The black nurse

Good afternoon I hope you’re well!
My title a bit out there you think. I’ve probably been called it as many times if not more. Than my two-syllable quite easy to pronounce, first name or my very English sounding second. Better than the coloured nurse though I guess!

I posted last week on FB that I don’t speak about racism much because of how angry it makes me. I never seem to know how to articulate my words through moments of rage.

If the last two weeks have taught me anything is that it is possible. Take the time you need to pause and then speak.

I’m not sure why the unlawful killing of these black people, have been the catalyst. When we’ve been here so many times before. I can only hope this may just be a time of real change. I’m sad it has taken this, for some of us to remember how to loud up our voices.

This last few weeks at work have been truly testing. I’ve put myself in a role that is far removed from my surgical and gynaecology experiences. It’s been nerve-wracking, to say the least. Mainly because every day, I’ve had to show up for work and be the best version of nurse I can be and it’s really difficult when you’re sad. When you’ve entered the very few conversations and spoken about the racism that has governed your life and relived those traumas in an attempt to openly discuss race.

It’s been traumatic, exhausting, enraging and sad! I’m emotionally spent!

Nursing isn’t what I’d dreamed of originally, but it has become something I’ve loved and continue to love. Just like other parts of life; racism, microaggressions, discrimination and prejudice have shown their ugly heads time and time again. There have been times when I’ve had support, more often than not it’s been brushed under the carpet as a “they didn’t mean it” “chin up you’re bigger than that”. Thus never allowing me to navigate the emotions or lessons to be truly learnt. It’s left me feeling so lonely.

I’ve often been asked about my career progression and where I’d like to take my nursing. Which I’ve always replied, “band 6+ isn’t for me”. I’ve finally had time to sit with that statement. Which has allowed me to be honest enough with myself, so now I can be honest with you. It’s not something I don’t feel is for me. I’d quite love it and feel I wouldn’t be too bad at it. However, when I’ve looked up at the places I’ve worked and not seen presentation it’s been disheartening.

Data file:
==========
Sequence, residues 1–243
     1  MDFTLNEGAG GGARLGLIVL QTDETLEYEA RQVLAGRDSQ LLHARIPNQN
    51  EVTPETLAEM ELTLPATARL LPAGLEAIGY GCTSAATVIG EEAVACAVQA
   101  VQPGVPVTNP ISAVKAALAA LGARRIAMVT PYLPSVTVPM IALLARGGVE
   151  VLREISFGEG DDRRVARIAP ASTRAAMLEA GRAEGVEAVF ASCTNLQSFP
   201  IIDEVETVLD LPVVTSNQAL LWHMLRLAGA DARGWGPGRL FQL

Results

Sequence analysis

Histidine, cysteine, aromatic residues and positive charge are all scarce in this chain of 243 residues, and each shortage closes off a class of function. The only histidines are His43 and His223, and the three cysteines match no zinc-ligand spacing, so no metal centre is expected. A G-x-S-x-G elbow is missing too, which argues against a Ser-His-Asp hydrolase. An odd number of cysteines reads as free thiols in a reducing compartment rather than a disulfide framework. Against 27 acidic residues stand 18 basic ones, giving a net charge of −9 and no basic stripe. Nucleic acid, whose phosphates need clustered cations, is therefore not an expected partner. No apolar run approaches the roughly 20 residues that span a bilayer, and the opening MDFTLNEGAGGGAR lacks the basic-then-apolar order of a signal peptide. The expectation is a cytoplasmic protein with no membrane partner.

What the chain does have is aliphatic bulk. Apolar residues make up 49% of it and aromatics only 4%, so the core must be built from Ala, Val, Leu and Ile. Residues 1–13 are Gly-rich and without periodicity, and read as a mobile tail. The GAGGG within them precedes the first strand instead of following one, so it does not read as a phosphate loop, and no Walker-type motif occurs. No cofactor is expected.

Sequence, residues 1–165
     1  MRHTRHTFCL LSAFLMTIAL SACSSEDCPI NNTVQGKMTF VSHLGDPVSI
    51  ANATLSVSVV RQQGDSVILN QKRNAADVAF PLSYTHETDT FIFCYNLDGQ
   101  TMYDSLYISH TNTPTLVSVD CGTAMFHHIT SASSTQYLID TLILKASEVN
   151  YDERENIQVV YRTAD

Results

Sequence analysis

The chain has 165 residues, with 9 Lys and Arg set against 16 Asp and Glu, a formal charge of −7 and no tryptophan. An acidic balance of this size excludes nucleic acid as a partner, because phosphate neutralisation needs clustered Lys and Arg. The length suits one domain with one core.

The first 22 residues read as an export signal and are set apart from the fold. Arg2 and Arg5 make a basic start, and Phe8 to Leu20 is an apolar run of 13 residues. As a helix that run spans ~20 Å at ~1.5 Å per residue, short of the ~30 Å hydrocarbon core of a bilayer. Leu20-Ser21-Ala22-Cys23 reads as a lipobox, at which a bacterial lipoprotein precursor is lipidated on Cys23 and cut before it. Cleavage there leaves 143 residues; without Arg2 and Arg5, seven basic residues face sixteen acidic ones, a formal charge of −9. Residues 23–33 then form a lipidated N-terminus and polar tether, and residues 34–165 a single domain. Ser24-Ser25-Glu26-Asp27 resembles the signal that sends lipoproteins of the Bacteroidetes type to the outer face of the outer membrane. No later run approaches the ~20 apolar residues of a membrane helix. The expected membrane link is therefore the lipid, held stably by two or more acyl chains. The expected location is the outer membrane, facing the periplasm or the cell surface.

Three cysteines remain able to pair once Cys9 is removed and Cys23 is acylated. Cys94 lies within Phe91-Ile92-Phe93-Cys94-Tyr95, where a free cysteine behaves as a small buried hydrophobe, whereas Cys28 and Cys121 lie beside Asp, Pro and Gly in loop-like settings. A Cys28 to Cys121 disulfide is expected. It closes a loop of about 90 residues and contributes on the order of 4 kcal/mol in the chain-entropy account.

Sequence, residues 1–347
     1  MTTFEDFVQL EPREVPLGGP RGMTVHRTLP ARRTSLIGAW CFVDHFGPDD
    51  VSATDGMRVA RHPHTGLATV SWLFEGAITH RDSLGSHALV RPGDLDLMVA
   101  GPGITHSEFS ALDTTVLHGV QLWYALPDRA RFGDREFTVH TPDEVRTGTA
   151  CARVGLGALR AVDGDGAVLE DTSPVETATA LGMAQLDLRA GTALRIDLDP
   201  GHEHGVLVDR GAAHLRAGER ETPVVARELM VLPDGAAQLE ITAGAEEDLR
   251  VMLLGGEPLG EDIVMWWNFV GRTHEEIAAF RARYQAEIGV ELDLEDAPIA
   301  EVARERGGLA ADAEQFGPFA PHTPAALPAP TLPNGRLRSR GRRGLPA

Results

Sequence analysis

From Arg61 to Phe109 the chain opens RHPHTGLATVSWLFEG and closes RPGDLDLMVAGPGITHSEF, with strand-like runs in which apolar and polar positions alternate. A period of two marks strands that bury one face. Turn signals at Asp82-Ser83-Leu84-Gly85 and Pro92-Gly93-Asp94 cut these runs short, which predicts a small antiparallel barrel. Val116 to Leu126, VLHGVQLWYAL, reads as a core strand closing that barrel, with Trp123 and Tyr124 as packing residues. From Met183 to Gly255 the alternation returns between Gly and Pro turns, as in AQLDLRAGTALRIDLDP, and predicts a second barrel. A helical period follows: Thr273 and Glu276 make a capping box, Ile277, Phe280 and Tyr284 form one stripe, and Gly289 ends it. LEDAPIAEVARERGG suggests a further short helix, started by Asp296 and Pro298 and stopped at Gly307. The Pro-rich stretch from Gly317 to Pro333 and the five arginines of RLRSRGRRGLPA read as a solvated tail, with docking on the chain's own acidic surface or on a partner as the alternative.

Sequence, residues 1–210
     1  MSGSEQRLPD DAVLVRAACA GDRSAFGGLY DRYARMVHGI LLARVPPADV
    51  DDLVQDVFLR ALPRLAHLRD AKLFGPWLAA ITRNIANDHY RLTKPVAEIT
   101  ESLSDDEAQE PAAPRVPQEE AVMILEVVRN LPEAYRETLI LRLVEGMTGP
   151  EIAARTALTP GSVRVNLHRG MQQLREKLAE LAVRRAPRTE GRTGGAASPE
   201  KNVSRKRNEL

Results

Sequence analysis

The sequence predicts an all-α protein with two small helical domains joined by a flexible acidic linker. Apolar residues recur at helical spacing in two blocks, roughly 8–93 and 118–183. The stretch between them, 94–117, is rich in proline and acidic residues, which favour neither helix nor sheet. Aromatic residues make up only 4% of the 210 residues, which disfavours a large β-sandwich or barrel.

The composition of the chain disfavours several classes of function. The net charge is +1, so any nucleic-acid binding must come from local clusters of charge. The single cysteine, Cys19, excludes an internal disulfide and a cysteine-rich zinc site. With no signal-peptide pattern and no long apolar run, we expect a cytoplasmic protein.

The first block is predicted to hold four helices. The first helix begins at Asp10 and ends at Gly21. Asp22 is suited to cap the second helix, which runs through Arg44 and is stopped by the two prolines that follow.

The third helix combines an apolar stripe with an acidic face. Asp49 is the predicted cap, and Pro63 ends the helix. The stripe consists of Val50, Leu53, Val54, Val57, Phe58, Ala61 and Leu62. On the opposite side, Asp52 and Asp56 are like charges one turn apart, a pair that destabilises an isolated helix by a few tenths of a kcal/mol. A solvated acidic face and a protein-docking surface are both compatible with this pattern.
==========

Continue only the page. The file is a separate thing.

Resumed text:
People will always tell you they are allies and you will be supported. There’s so much unlearning to do. I’m just scared that when these moments of inequality, racism or discrimination arise. I’ll be on my own fighting for what I think is right, just like I have been before.
Being that scared is debilitating, knowing there’s something you could have but the intricacies of life are so limiting you feel it’s not quite possible.

I’d love to shout to An Instagram page about the nursing experience made a nurse named Yvette. I started following her page a while ago and honestly. If ever I need a boost, there’s always something there. Finding this space opened me up to a realisation that there are nurses who look like me (although mainly down south) in senior positions. I can only thank her for this platform and safe space for me to be me!
With all that said “be the change, you want to see” is my new nursing mantra.

I’m not sure how but as my good friend Dodd always tells me “you’ll figure it out Neem you always do”

Some of you will read this and think it’s hard to progress for all. So, I’d like to take the moment to remind you that. Within the NHS there is a specific leadership programme. Directed at BAME nurses, due to the noticeable under-representation in managerial positions. Think about it.

I hope in every part of life, the momentum we are feeling and have experienced in the last few weeks continues to effect change.

These conversations aren’t comfortable, nothing worth having comes easy.

I do ask one thing of anyone who is reading this. Start the conversations!

There are members of your team that have been showing up, after seeing things that have triggered them and reliving traumas, they thought they left behind. I hate to make generalising statements but it’s likely that some of them will feel you don’t care. As life in your team has continued without a word uttered. Maybe its because you don’t know what to say, find it hard or you’ve not thought about it too much. Everything has to start somewhere.

 If your workplace is like mine, you’ll have had an email something along the lines of “we stand together” some of you will have read it, if not please go back and read it. Hopefully, they have lots of useful information. Otherwise, there’s a whole host of content available right now on the net. If you’ve been doing all of this then great, if not then the time for change is NOW!

The conversation of racism isn’t just for us it’s for everyone!


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